The Day After



“Life is not easy for any of us.  But what of that?  We must have perseverance and above all confidence in ourselves.  We must believe that we are gifted for something and that this thing must be attained.”

Marie Curie

Romance novels always stop at the beginning.   The real adventure starts the day after“happily ever after.”

Marie (Maria) Sklodowska was brilliant and determined.  Denied a university education based on the cultural norms of the late 1800’s, she pursued her studies at the local library and at Warsaw’s clandestine Floating University. She was a voracious reader and, as it turned out, a thrifty saver. In 1891, Marie used her hard-earned savings to move to Paris and study at the Sorbonne.  It was there that she met the love of her life,  Pierre Curie. A well-known and respected French chemist, he was impressed by Marie’s passion for science.  He enticed her by offering her work in the laboratory where he was a director.  They fell in love and married in 1895.

Pierre and Marie lived modestly, near poverty, using most of their funds for research.  They were happy doing what their loved, together. Their success was remarkable. In 1898, Pierre and Marie discovered polonium and radium.  In 1903, they won, with their fellow scientist Henri Becquerrel, a Nobel Prize for Physics for discovering radioactivity.  When Pierre Curie died in a street accident in Paris on April 19, 1906, Marie promised to continue their work. She accepted his position at the Sorbonne, becoming the university’s first female teacher.  In 1911, she was the first person to be awarded a second Nobel Prize, this time for Chemistry.

Pierre and Marie believed that their work belonged to the whole world.  They refused to patent any of their lucrative discoveries and donated their gifts and awards to scientific institutions.  Marie lived for almost 30 years after the death of her husband. Every day, she fulfilled the pledge to the one she loved.

“I have no dress except the one I wear every day. If you are going to be kind enough to give me one, please let it be practical and dark so that I can put it on afterwards to go to the laboratory.”

Marie Curie

Happily Ever After


Yellow & Red

“It is a truth universally acknowledged, that a single man in possession of a good fortune, must be in want of a wife.”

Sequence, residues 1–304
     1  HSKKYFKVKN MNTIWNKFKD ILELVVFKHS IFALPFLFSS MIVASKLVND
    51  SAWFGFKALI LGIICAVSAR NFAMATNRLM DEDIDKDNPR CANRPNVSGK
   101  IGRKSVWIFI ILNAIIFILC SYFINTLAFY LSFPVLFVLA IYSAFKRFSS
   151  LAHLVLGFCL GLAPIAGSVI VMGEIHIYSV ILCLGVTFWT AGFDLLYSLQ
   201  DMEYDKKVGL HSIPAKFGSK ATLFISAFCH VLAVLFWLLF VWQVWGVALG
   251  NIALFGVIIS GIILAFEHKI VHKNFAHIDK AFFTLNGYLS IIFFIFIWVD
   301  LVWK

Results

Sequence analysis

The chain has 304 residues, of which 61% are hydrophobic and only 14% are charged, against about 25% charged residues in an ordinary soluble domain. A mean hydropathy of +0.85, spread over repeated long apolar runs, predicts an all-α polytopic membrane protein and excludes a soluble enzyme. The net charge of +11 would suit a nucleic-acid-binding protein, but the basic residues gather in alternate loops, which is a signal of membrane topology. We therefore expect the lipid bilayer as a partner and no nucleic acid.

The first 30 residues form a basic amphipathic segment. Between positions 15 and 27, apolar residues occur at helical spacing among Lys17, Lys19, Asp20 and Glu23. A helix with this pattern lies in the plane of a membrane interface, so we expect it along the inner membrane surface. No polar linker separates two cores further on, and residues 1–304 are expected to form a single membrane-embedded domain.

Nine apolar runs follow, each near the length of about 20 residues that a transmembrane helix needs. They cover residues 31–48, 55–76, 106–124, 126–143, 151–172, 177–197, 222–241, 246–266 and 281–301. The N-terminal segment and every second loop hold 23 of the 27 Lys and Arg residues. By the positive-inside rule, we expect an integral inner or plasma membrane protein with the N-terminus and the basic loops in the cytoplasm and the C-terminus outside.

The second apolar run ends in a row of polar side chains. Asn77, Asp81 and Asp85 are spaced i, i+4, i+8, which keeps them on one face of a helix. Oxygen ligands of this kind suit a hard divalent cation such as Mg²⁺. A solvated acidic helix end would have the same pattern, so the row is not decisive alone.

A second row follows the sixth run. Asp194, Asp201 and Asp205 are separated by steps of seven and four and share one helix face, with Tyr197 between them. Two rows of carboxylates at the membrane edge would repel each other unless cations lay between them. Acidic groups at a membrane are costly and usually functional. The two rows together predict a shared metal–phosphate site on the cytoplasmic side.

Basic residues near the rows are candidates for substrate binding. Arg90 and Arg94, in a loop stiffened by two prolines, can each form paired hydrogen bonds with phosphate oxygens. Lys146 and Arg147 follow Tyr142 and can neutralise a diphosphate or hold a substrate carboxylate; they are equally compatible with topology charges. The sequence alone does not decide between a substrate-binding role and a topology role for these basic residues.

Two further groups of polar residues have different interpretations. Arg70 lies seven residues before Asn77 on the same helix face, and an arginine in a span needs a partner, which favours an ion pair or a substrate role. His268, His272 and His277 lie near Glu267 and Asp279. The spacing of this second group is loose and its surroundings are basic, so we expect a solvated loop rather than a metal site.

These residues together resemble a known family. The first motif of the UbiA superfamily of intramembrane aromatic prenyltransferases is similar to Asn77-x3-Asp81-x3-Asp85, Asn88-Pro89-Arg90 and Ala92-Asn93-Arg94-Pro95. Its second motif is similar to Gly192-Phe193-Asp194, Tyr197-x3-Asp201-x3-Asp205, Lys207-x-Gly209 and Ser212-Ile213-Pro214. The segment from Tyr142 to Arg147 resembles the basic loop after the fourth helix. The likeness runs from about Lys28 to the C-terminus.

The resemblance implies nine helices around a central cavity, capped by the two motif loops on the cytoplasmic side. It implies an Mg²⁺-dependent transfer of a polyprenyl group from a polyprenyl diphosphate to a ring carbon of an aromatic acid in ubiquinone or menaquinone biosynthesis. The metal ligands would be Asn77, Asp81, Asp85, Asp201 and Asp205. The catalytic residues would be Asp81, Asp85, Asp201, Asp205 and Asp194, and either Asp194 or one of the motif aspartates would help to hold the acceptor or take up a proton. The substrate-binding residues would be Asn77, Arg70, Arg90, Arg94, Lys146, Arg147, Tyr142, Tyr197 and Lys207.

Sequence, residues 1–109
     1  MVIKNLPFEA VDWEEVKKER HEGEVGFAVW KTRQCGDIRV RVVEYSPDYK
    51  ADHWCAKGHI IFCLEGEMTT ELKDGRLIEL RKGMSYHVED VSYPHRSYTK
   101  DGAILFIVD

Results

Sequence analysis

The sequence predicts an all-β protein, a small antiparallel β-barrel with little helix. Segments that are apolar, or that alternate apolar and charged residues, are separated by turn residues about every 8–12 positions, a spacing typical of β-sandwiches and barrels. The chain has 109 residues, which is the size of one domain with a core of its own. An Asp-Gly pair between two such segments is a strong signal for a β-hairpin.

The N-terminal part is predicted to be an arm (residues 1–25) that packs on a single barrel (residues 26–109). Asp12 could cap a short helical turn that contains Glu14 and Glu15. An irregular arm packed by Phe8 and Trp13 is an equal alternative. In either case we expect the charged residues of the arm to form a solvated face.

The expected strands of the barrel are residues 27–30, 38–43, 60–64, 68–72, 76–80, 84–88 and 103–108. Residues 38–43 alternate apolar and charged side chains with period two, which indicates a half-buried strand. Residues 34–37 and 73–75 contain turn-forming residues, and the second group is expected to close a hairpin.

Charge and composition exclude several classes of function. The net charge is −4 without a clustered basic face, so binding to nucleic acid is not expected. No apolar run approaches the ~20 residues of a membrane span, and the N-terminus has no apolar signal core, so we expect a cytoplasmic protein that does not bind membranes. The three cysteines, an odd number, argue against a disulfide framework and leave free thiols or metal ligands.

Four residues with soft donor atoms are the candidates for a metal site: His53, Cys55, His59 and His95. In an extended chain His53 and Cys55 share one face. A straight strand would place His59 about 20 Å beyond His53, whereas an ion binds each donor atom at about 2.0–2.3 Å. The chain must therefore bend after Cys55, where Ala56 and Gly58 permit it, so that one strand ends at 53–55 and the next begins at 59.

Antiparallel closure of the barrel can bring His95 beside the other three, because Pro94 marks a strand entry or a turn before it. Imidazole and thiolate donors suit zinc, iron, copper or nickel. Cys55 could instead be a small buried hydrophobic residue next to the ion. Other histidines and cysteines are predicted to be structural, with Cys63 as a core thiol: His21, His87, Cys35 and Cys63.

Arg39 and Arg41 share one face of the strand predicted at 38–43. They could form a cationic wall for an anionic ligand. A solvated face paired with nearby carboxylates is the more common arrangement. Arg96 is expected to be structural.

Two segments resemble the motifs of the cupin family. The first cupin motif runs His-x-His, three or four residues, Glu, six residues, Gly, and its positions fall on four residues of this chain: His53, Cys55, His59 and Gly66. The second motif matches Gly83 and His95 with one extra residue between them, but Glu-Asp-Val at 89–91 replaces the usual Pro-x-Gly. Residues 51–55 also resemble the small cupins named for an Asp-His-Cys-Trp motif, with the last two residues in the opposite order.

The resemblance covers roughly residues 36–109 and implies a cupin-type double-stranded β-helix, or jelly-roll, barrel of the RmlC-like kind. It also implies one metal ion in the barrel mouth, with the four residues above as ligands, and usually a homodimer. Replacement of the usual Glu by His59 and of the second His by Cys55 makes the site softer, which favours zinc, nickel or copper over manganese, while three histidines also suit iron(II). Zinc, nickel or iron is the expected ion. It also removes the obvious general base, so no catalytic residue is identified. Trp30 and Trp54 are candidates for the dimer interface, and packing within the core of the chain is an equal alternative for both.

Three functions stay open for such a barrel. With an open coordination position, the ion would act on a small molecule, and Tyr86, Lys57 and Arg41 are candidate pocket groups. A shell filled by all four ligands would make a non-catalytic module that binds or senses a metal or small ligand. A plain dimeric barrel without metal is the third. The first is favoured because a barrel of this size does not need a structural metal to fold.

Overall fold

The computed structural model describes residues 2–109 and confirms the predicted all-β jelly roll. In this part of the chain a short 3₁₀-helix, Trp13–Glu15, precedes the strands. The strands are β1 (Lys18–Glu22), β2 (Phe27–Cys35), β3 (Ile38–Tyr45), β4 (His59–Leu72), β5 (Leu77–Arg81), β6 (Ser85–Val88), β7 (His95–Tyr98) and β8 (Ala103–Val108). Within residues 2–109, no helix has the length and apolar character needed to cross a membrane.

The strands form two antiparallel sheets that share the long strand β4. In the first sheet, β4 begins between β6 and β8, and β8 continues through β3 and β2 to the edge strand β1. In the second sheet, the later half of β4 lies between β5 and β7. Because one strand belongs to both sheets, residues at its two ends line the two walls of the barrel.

Jane Austen, Pride and Prejudice

And so begins the story of the love between Mr. Darcy and Elizabeth Bennett, one of the most famous romances in English literature.  Mr. Darcy, an educated man high on the social ladder, falls irrevocably in love with Elizabeth, the second daughter of a gentleman of modest means.  It is one of those great stories where they live happily ever after once they triumph over a few bumps in the road to perfect understanding.

“In vain have I struggled. It will not do. My feelings will not be repressed. You must allow me to tell you how ardently I admire and love you.”

 Jane Austen, Pride And Prejudice

Jane Austen had a clear understanding of a woman’s position in her day.  There was good reason to be genuinely concerned if marriage prospects were limited. Without doubt, Jane Austen gave us a window into the social climate of her time. Yet, it was her ability to combine romance with clever insight into being human that keeps us ever entertained.

 “For what do we live, but to make sport for our neighbors, and laugh at them in our turn?” 

Jane Austen, Pride and Prejudice

I Can Give Love


“I think the biggest disease the world suffers from in this day and age is the disease of people feeling unloved. I know that I can give love for a minute, for half an hour, for a day, for a month, but I can give. I am very happy to do that, I want to do that.”
Princess Diana (July 1, 1961 – August 31, 1997)


St. Francis of Assisi


“Lord, make me an instrument of thy peace. Where there is hatred, let me sow love.”

Francis of Assisi

Basilica of St. Francis of Assisi, Italy